Note: This column was written as a part of one of the Gazette Writers Circle projects; in this case, the militarization of local police in Iowa and across the country. I saw the issues as merely a sub-set of those raised by "the militarization of America," and best understood and addressed within that context.
Having done so, it is useful to make clear by way of this note that I fully recognize: (a) the United States needs a military, (b) there are occasions when our national interests do require that it be used (such as World War II), and (c) that those who volunteer to serve, and do so with skill and honor, deserve our respect, thanks, and far more GI-Bill-style practical support on their return than we seem willing to provide. At a minimum, they should not be blamed for the foolish decisions of our elected officials. One way of honoring them is to discuss and question those decisions, as I attempt to do, below.
Text below [in brackets] was submitted to The Gazette, included in its online version, but omitted from its hard copy edition. -- Nicholas Johnson
The Militarization of America
The Gazette, Gazette Writers Circle, July 5, 2015, p. C3
Philadelphia police crowd control 30 years ago? Dropping a bomb from a helicopter; 60 homes burned.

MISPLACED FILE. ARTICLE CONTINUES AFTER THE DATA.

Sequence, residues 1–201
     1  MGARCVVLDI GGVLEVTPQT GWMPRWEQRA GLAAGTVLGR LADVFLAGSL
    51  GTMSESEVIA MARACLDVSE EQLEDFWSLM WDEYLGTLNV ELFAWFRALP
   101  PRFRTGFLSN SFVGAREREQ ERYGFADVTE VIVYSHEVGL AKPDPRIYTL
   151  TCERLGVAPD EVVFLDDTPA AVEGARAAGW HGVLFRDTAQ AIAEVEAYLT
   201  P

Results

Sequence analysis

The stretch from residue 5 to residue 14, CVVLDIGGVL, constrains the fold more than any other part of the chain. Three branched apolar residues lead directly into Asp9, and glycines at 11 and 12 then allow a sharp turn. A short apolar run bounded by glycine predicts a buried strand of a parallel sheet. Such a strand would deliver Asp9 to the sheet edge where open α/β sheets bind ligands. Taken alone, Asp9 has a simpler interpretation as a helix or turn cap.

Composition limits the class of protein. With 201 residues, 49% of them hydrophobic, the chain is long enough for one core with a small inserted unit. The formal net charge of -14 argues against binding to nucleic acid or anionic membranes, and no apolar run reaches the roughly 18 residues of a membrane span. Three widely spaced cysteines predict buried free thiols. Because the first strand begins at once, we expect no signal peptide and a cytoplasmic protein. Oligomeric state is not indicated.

Not the typical response of the thousands who do “protect and serve.” But today’s militarization of local police with hand-me-down Army equipment is worth examining — in context.
Because it’s only a small part of the militarization of America.
We are the world’s pre-eminent military power. Of the top ten military nations we spend more than the other nine combined. With our military presence in over 150 countries, and provision of weapons to others, we have militarized the world.
Expenditures reflect values. There is little political objection to the trillions of debt from credit card military adventures. We accept the opportunity costs as we reject universal, single-payer health care, starve our public schools, cut programs for the poor, and watch our infrastructure crumble. “We’re number one!” we cry, notwithstanding low international rankings for test scores, infant mortality, and life expectancy.
We have militarized our homes and ourselves. Our children play with video games that train them as military sharpshooters and drone operators. Roughly 40 percent are living in homes with guns. The U.N. reports America’s gun death risk per 100,000 population is 20 times the average for other countries.
There are 50,000 suicides and homicides each year; 60 percent involve guns. (Homicide is the second leading cause of death of 15-25 year olds.) Some estimate guns in homes are 16 times more likely to harm occupants than intruders.
Given those odds, Americans must really love their guns a lot — a love that surpasses all understanding.
It’s natural such a nation would have a National Rifle Association (NRA) opposing virtually every form of gun regulation, including restrictions on owning assault weapons, retention of databases of gun purchases, background checks on purchasers at gun shows and changes in the registration of firearms.
With the expansion of permits to carry, we see the militarization of other institutions as well. There are guns on college campuses, in schools, malls, movie theaters, bars and even churches. And there are the all-too-regular reports of deaths — genuinely grieved, but all too quickly forgotten.